Acceptance shines emotionally when it points out the deficiencies in our social safety and healthcare systems and their effect on a powerless minor. Social workers don’t push to come inside the hoarding home because once they do, they will have no choice but to take action, knowing the child will be forced into a system where they might fare worse than with their neglectful parent. Treatment staff tighten the reins without mercy on teens desperate to be heard, putting the onus on them to accept their suffering and redirect their path with willpower, presumably because staff don’t have the resources to do so. From psychiatric hospitals to foster homes, from therapist visits to counselors’ offices, Nietfeld is encouraged to be resilient, admonished to take responsibility for her fate, told to show grit. “Kids too young to speak would be held responsible for their own problems,” she writes. “It didn’t matter how they were wronged, or how preventable the harm; their job was to contain the damage, making the blast zone smaller by absorbing all the impact.” From shelters to libraries, again and again she encounters adults who adhere to rules devoid of nuance and kindness.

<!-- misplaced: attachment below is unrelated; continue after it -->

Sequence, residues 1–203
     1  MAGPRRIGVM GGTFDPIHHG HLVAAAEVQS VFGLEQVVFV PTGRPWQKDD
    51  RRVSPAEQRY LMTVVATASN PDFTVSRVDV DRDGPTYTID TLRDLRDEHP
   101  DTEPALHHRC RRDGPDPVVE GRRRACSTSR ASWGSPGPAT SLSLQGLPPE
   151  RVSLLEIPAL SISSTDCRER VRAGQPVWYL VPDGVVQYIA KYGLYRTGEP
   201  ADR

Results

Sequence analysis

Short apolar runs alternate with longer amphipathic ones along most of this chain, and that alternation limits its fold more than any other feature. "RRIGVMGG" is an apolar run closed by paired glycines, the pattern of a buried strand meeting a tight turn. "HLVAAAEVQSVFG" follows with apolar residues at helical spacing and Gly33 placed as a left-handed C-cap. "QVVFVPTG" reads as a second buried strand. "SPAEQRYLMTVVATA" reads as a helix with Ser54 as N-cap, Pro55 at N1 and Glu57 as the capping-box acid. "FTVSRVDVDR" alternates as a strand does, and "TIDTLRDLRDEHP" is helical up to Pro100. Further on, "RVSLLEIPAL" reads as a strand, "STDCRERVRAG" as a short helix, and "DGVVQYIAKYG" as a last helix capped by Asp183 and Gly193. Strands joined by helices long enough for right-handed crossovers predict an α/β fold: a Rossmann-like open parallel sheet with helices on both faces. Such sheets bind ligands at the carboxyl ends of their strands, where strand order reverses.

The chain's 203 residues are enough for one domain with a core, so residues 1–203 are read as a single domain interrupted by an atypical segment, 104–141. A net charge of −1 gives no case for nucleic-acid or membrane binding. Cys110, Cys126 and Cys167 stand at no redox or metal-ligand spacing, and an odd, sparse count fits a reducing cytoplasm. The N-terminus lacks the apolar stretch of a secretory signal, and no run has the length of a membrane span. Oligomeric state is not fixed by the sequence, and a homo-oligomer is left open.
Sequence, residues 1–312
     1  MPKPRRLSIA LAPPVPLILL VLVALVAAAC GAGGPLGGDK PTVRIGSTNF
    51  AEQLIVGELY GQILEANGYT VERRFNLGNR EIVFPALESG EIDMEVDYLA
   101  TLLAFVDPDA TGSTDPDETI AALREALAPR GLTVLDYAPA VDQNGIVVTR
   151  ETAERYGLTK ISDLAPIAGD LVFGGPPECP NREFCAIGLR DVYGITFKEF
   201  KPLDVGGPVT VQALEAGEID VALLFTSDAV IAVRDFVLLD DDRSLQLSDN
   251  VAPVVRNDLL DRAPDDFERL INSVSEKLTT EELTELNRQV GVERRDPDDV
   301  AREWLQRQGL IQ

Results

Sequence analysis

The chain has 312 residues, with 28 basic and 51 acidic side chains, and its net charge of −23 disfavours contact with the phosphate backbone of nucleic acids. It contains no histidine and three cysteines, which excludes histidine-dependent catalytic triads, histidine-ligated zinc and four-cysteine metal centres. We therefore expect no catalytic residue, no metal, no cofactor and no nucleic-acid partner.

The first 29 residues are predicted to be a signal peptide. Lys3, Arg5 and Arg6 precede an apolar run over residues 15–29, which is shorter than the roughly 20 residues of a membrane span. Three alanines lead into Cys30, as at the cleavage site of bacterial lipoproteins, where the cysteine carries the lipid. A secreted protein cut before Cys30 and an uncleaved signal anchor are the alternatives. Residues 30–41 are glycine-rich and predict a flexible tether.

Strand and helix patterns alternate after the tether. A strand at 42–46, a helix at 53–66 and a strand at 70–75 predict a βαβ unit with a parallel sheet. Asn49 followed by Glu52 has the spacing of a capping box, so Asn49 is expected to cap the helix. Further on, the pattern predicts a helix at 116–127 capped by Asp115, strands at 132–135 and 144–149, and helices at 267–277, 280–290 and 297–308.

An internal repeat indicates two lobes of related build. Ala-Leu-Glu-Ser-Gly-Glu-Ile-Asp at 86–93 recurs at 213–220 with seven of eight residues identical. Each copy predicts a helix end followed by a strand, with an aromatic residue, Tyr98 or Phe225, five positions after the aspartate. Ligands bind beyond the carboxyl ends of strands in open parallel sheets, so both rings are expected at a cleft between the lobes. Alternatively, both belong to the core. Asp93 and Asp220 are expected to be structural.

Nietfeld’s memoir is a sharp critique of our society’s beloved narratives of resilience and meritocracy. Should a child have to pull themselves up by their bootstraps? Nietfeld’s tale demands empathy from readers for the girl who receives none from either culture or infrastructure. She brings us poignantly into the viewpoint of a youth whose sharp eyes discern the problem but whose voice is repeatedly unheard or—worse—turned against her. In the United States, children have little to no rights, no matter if their perspective might allow them to assess the situation more shrewdly than adults on the outside can. When the parent spins a delusional or harmful narrative, the child frequently has no recourse to rectify it and save themselves. But they shouldn’t have to if the system proved adequate in halting their fall.